A Library of Interview Question Algorithms

I recently spent some time revising for programming interview questions, and having done all of that work I wondered what I could do with it.

The result is a git repo of interview question algorithms that I’ve structured as a somewhat tongue-in-cheek utility; the kind of utility that i’d love to be able to use in a programming interview, but the kind would probably negate the point of the interview question in the first place.

The library solves programming questions that keep popping up, whether in books or online on sites such as HackerRank. This includes solutions to the following problems:






Sorting / Search


Project Euler

As an extra bit of practice, I also created a repo of solutions to Project Euler problems. These were mostly based on the HackerRank version of the problems, which typically require the most efficient solution to the problem rather than a single solution to a given input.

Programming Resolutions for 2016

Inspired by Matt Might and others, I’ve decided to create some resolutions for 2016. I’m going to leave out the non-technical ones though, so while ‘Stay Healthy’ is out, it doesn’t mean i’m not trying!

  1. Write more. Starting now!
  2. Get better with the command line. This is the epitome of tools that I use all the time, but nowhere near as efficiently as I should.
  3. Learn Go. Of the all the new(-ish) trendy languages, this is the one that I feel i’m missing out on the most.
  4. Read more recent research. Since finishing my PhD I haven’t kept up-to-date with the latest and greatest from the research community.
  5. Make use of my spie charts. I have a couple of ideas for the spie chart implementation i wrote last year, but haven’t done anything with them.
  6. Secure this site. Since Let’s Encrypt entered open beta, i’ve been interested in trying it out (status: achieved).

And that’s it… for now. If everything goes to plan, you should see posts coming throughout the year; if it doesn’t, damn.

Writing a Huffman Encoder with Java 8 and Dagger 2

Last year I wrote a Huffman Encoder to try out Dagger 2, and to experiment with Java 8, as we’d just started using it at work.

As a dependency injection tool, the advantage of Dagger is that it generates dependencies at compile time, meaning it doesn’t require reflection and errors should be easier to spot up-front.

In practice, I had a hard time getting it to work until I found this great post on using annotation processors in eclipse. This makes sure eclipse does all of the annotation processing that Dagger requires at compile time, though I found I had to manually build the project to get this to work (rather than relying on save-and-build).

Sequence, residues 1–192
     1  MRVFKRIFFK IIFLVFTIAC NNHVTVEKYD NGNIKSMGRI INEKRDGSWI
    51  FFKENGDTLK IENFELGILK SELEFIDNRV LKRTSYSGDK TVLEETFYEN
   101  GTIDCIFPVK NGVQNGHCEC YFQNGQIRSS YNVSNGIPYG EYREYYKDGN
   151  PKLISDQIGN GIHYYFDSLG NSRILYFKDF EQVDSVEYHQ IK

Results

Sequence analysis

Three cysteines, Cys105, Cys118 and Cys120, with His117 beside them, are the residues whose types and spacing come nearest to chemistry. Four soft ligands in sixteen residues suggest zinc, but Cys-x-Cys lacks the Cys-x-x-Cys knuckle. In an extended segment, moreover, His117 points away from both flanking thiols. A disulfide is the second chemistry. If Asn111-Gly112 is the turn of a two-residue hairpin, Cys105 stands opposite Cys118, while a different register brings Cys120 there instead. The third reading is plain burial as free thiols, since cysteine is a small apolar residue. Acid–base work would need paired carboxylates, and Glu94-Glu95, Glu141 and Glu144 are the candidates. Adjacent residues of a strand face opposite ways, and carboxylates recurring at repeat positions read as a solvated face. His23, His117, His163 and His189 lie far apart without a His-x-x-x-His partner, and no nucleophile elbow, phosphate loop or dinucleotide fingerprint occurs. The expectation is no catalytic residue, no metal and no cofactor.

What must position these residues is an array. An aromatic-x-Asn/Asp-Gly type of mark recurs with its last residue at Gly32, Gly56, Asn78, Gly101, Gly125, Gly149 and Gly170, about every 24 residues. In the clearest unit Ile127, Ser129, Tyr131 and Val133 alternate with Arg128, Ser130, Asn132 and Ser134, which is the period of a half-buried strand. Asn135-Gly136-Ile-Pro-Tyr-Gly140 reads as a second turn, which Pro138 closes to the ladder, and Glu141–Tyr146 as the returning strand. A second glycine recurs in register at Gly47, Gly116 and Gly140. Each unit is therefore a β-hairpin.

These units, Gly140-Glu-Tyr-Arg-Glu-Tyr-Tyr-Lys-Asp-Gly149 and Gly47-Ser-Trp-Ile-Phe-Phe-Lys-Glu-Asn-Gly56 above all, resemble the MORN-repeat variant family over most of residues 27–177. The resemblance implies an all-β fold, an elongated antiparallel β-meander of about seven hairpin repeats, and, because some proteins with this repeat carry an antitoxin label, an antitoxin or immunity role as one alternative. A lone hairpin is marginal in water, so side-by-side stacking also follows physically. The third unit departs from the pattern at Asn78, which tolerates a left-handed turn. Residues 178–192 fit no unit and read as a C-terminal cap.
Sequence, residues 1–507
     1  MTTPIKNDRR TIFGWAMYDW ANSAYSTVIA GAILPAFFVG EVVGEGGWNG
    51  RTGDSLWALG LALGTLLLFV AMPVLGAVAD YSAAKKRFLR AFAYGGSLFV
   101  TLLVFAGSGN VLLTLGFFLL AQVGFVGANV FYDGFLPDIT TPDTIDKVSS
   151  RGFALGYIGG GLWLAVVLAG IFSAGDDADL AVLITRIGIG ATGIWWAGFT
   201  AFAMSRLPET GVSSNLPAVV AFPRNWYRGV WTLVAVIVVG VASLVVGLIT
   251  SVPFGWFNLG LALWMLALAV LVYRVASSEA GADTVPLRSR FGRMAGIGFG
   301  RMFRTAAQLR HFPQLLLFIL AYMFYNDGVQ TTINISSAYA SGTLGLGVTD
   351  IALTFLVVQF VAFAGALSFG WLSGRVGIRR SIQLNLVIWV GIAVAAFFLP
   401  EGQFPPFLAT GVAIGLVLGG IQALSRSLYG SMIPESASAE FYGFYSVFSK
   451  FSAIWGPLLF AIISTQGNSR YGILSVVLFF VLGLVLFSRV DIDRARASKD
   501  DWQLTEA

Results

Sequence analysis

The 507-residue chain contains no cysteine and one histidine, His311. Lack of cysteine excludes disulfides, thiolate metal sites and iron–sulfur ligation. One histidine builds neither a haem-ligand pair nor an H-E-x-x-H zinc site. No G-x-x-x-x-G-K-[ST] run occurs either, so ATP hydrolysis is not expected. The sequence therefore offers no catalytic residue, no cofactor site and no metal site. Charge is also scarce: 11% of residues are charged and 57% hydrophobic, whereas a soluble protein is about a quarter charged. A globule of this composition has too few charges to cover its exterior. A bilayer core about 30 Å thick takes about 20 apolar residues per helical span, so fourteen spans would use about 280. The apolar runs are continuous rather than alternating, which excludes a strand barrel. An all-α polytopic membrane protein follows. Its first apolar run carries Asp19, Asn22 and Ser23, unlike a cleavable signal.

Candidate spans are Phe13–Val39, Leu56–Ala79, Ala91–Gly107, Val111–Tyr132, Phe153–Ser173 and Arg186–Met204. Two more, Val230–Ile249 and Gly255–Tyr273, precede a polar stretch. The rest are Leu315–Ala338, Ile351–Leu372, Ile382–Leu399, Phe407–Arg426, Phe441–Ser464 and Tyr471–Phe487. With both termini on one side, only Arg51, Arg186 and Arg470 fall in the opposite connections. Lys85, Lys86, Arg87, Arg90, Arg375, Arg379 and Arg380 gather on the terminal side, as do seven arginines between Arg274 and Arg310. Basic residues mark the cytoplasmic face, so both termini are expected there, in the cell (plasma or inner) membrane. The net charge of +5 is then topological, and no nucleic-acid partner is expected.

There aren’t many component parts to the program, so Dagger doesn’t have to do much. The project is possibly most useful as a basic skeleton showing Dagger 2 working with maven and JUnit tests.

Creating a WordBrain Solver

I became quietly obsessed with an iOS game called WordBrain over the holidays, and thought it’d be interesting to write some code to solve it’s puzzles (you can find the result here).

A basic single-word game.

The game itself is similar to a typical word search puzzle where, given a grid of letters, you have to find the words in the grid.

It differs in that words don’t have to be found in straight lines, so individual letters can be joined across diagonals, and as each word is found, it is removed from the grid and the remaining letters fall down. This means that for harder puzzles it isn’t possible to connect the letters in the last word unless you have found the preceding word(s).

Before starting, you know how long each word is and the order in which words must be found (as the 5 word puzzle below illustrates).

A more elaborate multiple-word game.


My solution started out as a simple word finder — finding all words of a certain length — but evolved into a more complete puzzle solver.

First, given a grid and a set of word lengths, the solver comprehensively scans the the grid for words matching against the first word’s length. It then recursively scans for the subsequent words, based on the updated grid (which is created by removing the preceding word(s)). This creates a set of potential solutions to the puzzle.

To speed up search, I created a trie dictionary to allow the solver to terminate when a non-english prefix is found.

Then, to narrow down the set of possible solutions, I used a corpus of English word frequencies to rank them by the most commonly used set of words. This tends to match the expected solution, because WordBrain uses fairly common words.

Finally, I created a Swing UI to make it easier to enter problems and view solutions.


The trie solution is significantly faster than the alternative, an in-memory set of words that didn’t allow early termination based on prefixes.

The solver itself could be slightly more space efficient, because it creates new a string through each recursive call rather than modifying a character array. However, as the search continues onto successive words, some of this copying is necessary (the updated grid, the words found in each solution, etc.).

The Swing UI isn’t particularly well written, but it does display everything required for a solution. First, potential solutions are shown next to the grid: